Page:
This compares very favorably with the estimated construction cost of the reference tower of $500M to $700M, which, of course, will have to be increased to account for the addition of a condenser to the tower, pond construction, centrifugal algae harvesters, boidiesel equipment, aquaculture equipment and brine transport systems. Indeed, the construction estimate can be doubled without threatening the viability of the system.
PS: The dimensionally solved units expressions above use Unicalc Live from Calchemy:
Interesting question. I expect desalinization costs to fall as technology advances anyway. But add in a big decrease in energy costs and, yes, desal would get much cheaper. The nice thing about using solar for desal is that solar's lack of continuous availability does not pose a problem. Water spends weeks travelling down aqueducts. It doesn't have to get pumped right when you need it. For farming the water can get added to fields whenever the sun shines enough to power the desal operations.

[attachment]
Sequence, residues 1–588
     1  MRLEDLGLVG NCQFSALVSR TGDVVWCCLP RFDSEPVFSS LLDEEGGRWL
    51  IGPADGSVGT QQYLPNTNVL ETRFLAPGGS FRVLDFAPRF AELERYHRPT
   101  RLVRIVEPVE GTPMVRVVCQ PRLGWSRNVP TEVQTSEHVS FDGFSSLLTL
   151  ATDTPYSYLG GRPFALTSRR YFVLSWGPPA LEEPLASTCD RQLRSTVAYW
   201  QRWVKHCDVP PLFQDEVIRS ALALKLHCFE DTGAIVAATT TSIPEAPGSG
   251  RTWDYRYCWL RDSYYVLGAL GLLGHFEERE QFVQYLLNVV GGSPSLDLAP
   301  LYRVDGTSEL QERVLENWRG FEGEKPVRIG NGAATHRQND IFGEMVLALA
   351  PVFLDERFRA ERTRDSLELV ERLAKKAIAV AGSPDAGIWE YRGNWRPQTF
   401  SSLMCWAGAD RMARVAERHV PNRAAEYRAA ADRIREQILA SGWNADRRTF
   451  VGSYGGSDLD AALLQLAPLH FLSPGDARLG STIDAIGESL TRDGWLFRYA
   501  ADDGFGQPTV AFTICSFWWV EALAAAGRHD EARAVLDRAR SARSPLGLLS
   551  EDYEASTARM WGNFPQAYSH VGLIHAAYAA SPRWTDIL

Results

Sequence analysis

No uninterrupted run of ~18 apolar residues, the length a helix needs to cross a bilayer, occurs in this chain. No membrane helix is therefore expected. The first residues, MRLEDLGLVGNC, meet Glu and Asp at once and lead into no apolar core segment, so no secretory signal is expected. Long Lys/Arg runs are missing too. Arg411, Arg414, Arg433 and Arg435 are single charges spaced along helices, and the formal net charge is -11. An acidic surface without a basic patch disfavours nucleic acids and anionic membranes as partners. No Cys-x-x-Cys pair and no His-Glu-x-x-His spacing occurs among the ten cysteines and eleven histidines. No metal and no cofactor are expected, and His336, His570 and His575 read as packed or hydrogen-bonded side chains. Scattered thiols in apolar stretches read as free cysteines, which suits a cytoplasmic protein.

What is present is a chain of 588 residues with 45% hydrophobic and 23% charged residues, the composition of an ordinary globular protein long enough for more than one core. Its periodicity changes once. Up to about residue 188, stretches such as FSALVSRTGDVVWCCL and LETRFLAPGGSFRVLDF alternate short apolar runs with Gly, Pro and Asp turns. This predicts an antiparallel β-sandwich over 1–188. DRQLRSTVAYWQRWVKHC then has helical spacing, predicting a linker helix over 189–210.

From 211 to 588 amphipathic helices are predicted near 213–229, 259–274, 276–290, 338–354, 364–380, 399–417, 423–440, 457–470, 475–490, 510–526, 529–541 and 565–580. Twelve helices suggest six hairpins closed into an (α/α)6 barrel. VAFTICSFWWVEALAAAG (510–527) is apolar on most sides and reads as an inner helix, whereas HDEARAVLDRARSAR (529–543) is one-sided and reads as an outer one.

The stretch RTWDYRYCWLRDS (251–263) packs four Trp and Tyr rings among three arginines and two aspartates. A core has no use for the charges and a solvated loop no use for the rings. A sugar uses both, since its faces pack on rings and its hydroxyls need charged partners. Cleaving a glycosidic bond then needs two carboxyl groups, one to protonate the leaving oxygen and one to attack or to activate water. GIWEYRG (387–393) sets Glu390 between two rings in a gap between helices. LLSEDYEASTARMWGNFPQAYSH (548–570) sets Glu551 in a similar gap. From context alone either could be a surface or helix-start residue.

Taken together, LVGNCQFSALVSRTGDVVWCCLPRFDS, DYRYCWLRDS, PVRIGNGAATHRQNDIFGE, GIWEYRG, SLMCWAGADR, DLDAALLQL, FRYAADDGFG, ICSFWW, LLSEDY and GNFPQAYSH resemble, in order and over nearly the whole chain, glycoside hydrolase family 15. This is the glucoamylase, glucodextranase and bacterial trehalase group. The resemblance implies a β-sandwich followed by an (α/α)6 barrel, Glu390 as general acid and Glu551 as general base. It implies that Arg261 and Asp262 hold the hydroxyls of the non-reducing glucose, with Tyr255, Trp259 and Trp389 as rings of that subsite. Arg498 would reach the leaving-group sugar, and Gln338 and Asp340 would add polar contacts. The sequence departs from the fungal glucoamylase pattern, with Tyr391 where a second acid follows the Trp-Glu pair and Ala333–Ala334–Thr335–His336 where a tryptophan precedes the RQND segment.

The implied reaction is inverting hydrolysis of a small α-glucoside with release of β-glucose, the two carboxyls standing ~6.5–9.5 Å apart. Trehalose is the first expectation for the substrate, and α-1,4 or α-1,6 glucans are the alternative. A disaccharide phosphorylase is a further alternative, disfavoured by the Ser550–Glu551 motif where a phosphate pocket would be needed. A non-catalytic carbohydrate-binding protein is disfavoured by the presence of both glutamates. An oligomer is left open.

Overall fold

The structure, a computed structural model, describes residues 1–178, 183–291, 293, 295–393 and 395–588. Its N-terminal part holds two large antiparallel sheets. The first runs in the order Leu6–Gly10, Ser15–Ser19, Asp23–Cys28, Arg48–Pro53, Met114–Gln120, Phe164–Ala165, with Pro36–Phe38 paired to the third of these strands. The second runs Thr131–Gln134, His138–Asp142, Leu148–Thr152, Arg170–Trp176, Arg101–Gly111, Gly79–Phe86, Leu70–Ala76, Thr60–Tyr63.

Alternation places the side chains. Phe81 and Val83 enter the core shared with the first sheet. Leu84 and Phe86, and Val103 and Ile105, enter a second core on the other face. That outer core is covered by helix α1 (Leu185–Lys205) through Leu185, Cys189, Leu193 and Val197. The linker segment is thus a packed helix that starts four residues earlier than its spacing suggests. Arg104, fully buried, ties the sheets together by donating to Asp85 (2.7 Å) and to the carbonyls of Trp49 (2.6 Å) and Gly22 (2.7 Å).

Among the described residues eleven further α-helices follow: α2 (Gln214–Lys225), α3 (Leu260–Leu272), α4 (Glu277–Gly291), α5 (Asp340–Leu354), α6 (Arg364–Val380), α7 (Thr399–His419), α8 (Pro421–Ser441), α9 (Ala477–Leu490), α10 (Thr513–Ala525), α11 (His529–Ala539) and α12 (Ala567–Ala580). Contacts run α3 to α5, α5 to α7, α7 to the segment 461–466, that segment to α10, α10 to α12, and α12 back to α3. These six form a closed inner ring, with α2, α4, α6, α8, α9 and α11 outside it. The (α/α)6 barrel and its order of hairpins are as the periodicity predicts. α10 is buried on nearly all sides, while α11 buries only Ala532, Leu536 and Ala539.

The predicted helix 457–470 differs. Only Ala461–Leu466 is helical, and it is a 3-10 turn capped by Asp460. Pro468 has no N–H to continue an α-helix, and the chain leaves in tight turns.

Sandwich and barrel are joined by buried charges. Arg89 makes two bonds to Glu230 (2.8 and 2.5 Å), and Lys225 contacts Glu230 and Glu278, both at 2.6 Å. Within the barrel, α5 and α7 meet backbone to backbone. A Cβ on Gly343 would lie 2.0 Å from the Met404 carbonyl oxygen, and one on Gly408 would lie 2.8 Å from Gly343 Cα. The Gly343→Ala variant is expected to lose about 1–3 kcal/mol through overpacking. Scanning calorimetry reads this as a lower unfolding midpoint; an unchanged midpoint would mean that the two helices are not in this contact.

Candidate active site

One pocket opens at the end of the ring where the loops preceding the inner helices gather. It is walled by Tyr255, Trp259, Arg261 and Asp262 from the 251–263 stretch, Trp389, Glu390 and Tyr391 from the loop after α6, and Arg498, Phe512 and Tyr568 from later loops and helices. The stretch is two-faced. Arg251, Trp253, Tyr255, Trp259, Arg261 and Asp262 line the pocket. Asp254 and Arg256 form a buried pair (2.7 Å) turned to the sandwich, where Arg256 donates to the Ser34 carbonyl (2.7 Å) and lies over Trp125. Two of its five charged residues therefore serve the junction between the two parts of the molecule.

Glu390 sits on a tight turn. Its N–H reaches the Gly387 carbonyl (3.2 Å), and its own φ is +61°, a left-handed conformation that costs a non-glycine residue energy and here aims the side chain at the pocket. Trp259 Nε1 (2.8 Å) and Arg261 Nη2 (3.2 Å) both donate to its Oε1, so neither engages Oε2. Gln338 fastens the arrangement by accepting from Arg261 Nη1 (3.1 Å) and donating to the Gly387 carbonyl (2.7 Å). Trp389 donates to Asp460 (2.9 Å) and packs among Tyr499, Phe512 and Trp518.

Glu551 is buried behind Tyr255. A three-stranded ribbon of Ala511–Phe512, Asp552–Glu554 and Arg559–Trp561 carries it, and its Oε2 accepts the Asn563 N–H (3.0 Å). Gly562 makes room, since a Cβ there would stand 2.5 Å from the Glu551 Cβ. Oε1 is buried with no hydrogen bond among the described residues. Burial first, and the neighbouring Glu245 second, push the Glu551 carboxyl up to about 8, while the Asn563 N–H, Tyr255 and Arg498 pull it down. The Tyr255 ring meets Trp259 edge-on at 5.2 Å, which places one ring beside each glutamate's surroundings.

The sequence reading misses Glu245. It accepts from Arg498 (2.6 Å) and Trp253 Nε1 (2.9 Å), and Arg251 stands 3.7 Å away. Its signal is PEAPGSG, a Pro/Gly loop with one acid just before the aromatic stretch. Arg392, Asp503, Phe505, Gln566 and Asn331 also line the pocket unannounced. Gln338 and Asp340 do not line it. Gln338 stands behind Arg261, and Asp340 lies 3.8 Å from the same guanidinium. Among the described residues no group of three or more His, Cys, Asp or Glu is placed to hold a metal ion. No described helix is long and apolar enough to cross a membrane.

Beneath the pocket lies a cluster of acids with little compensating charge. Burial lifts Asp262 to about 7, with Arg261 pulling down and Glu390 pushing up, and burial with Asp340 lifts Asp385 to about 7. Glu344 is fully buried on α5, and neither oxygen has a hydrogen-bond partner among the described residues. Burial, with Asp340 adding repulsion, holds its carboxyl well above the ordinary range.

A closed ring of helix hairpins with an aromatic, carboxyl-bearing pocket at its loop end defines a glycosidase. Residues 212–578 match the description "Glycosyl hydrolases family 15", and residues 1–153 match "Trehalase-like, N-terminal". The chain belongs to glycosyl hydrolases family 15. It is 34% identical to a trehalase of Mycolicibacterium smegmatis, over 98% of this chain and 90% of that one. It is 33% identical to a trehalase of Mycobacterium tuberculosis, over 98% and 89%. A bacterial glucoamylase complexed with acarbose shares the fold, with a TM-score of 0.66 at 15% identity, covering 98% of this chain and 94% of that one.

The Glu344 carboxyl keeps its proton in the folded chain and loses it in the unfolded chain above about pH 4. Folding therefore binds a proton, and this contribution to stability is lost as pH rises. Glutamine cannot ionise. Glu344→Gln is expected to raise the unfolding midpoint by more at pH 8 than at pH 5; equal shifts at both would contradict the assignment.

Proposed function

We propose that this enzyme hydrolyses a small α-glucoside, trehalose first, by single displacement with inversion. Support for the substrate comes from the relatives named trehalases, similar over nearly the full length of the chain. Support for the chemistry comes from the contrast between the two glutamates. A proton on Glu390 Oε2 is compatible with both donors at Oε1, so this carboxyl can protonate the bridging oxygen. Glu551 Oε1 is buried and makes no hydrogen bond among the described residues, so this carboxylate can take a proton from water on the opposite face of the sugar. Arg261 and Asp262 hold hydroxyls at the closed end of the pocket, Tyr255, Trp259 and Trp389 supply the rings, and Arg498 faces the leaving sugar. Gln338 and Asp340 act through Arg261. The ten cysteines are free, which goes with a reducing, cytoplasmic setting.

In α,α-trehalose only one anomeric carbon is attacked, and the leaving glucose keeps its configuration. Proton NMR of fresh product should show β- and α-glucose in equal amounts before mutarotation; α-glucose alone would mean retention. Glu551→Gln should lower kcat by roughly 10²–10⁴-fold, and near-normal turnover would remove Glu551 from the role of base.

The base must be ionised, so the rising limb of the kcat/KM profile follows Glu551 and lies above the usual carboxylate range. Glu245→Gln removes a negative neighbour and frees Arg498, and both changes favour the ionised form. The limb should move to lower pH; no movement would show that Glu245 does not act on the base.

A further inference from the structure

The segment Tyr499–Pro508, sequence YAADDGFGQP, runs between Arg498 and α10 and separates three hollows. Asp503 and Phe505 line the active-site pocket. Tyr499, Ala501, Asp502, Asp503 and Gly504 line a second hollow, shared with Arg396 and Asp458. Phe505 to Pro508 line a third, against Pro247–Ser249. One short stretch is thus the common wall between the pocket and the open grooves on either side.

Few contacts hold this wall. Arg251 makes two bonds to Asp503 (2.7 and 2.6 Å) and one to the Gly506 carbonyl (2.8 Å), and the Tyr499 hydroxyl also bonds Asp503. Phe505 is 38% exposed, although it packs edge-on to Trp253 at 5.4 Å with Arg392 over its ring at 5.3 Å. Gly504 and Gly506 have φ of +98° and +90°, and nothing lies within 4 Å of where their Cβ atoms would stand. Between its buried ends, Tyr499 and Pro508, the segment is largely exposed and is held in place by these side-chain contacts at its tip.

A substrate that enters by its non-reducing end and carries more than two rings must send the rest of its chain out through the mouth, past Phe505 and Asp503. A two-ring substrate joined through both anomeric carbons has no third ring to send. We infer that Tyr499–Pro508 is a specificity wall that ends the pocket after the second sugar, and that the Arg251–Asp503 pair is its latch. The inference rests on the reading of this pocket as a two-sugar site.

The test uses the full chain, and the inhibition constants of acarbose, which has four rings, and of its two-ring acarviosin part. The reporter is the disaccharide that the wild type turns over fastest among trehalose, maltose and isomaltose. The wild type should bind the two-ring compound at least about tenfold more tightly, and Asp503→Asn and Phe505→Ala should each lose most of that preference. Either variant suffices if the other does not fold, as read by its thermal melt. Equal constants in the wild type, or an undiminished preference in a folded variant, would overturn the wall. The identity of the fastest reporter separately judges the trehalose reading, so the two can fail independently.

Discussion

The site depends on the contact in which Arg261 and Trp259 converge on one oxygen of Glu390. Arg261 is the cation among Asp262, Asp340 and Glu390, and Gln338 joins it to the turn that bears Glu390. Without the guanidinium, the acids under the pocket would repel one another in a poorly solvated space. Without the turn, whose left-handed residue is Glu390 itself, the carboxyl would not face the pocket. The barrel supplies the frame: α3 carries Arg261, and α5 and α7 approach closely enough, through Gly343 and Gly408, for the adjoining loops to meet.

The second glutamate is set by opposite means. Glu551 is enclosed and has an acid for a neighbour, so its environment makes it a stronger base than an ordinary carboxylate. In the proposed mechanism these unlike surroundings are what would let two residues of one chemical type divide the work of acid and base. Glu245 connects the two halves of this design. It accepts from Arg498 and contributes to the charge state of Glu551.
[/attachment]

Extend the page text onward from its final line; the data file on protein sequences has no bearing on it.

You are in a small minority about meat versus car fuel. The public will wail about high meat costs even more loudly than about high gasoline costs.
The land that is currently used for farming has more water and higher quality soil and climate than the land that is not used for farming. The marginal cost would be higher if more land was pushed into farm production.
You can get about 150-160 bushels of corn per acre of average land now in production. That's about 6200 BTUs per bushel. Well, how many BTUs of sunshine falls on that average corn crop acre per year? I bet it is orders of magnitude more in energy. I'd like to find the answer to that question. It would make a great topic for a post about photovoltaics versus biomass.